Home Where to Begin
Our Care ServicesLife at Provision
Watching a loved one exhibit signs of dementia can be alarming and stressful, especially when you don’t understand how this condition develops.
While every person with dementia progresses differently, there is a predictable trajectory that most people share. A seven-part scale has been developed to illustrate the stages of dementia and help physicians determine the best course of treatment. These stages also help caregivers determine how to meet their loved one’s medical, social, and personal needs.
Knowing what to expect at each stage of dementia can make all the difference in your loved one’s care. Here are the 7 stages of dementia and what you should know about each one.
At this first stage, cognitive impairment has not yet begun. Mental capacity and ability to function normally remain the same, and there are no signs of cognitive decline or memory issues. In short, someone at this stage doesn’t exhibit any symptoms.
By Stage 2, dementia is still unlikely to be detected by physicians. While an individual at this stage may experience routine forgetfulness and have trouble with misplacing their keys or phone, this appears to be nothing more than ordinary age-related memory loss. People at this stage frequently forget names or anniversary dates, but they can still perform well on memory tests.
Once a person has reached Stage 3, their cognitive struggles may become more outwardly obvious. While not completely debilitating, this stage of the disease can manifest as forgetfulness and difficulty with complex problem-solving.
People at this stage may struggle to remember new names or find the right words during conversations. You may notice them asking the same questions over and over again, and they frequently misplace personal items. Individuals with Stage 3 dementia can also have trouble organizing, planning, and driving. In most cases, this stage lasts between two and seven years.
Commonly referred to as “early dementia,” Stage 4 can have a major impact on a person’s ability to function independently. By this point, the disease is readily apparent and requires a professional health consultation.
People with Stage 4 dementia have difficulty concentrating and may forget recent events or details about their life. Typically, they can no longer manage their own finances or travel to new places alone. It is not uncommon for adults at this stage to be in denial about their symptoms. They can experience issues with socialization and may become withdrawn from friends and family. Moodiness and non-responsiveness are also symptoms of this stage. Stage 4 usually lasts for two years.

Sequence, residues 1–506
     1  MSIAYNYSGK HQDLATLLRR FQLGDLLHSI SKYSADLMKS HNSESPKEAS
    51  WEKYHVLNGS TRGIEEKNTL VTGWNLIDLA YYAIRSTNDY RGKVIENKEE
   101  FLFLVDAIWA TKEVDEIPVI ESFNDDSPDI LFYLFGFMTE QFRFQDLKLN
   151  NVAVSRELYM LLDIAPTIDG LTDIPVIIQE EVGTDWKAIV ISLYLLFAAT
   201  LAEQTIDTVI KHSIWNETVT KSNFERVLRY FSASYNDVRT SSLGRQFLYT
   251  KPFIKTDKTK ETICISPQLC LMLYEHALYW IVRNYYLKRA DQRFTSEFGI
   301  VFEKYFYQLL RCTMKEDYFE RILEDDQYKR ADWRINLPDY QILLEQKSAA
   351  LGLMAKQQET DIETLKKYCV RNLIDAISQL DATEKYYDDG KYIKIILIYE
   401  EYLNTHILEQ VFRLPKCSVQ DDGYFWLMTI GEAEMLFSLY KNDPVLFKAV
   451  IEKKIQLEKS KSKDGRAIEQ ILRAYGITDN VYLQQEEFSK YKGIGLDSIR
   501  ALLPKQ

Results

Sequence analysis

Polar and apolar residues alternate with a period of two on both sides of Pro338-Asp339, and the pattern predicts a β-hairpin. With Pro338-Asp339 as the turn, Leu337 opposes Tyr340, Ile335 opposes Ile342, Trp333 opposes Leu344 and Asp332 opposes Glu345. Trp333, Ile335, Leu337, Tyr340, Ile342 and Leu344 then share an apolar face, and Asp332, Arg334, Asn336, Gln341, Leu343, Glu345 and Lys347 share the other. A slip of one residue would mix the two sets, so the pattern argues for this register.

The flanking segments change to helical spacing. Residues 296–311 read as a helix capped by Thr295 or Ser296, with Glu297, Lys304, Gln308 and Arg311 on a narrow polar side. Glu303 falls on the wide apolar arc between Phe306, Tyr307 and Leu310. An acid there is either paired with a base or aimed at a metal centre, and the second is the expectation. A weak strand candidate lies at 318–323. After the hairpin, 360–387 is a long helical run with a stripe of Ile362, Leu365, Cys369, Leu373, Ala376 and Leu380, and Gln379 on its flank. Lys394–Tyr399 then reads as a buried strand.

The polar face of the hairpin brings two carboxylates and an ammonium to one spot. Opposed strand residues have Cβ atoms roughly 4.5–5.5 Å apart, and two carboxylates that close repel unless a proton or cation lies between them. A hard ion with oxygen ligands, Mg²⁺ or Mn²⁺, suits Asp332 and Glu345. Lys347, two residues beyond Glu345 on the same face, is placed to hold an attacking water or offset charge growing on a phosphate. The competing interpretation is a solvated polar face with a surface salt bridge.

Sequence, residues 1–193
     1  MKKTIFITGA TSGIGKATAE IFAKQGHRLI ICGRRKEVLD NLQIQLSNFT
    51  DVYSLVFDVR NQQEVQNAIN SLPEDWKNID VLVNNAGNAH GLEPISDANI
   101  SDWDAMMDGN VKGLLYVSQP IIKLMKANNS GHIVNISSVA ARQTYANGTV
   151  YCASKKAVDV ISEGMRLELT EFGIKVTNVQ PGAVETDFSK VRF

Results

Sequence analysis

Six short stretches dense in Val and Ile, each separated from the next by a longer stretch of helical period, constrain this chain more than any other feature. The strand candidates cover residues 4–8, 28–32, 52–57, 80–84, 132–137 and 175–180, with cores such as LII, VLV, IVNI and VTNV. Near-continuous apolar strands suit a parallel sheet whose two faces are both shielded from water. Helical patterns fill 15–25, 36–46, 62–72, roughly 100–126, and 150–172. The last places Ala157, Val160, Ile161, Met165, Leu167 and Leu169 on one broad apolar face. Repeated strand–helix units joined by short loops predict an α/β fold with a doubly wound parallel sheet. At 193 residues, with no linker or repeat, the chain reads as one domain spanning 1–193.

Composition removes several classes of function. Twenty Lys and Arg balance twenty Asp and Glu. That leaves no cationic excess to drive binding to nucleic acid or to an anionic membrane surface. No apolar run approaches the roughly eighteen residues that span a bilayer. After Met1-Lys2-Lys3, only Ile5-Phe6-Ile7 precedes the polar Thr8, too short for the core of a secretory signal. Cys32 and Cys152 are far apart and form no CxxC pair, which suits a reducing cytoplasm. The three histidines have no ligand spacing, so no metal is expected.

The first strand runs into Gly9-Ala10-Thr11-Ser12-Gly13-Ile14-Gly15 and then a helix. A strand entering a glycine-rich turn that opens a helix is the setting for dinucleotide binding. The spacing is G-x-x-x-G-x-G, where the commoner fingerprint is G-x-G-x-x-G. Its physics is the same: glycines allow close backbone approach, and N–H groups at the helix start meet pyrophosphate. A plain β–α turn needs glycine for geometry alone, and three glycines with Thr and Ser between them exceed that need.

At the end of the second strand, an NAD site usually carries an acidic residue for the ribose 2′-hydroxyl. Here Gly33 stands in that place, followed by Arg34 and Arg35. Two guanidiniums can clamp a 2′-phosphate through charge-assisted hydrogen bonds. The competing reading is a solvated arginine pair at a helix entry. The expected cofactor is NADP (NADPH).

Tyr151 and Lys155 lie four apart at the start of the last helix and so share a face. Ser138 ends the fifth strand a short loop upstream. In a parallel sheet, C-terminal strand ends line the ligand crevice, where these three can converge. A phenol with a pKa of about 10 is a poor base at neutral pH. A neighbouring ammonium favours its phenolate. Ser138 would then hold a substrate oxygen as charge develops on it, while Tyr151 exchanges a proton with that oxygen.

By the fifth stage of the disease, your loved one will experience significant memory deficiencies and require help with many day-to-day activities like dressing and bathing. They can become confused about where they are, and they may struggle to recall things like their address or phone number. They may require the 24-hour support of a memory care community to assist them in daily living. On average, Stage 5 lasts a duration of 1.5 years.
During the sixth stage of dementia, your loved one may experience significant confusion and require constant supervision and professional care. They may struggle to recall details of their personal history, and face recognition often becomes a challenge. You may witness changes in their personality and mood as well. People in severe decline can also experience incontinence, delusions, anxiety, and have difficulty speaking. This stage lasts roughly 2.5 years.
The final stage of dementia is also referred to as “late-stage dementia.” People at this stage may lose their ability to communicate verbally and will require around-the-clock care. They often have trouble with motor skills and swallowing.
When you’re ready to explore a memory care neighborhood for your loved one, Provision Living is here to offer guidance and resources. Connect with one of our care consultants today to see how we can help you navigate this new chapter.
Please note that this article serves for educational purposes only and does not substitute as medical advice. If you have any questions about the health of you or your loved one, please consult with a qualified medical professional.
Image credit: istockphoto.com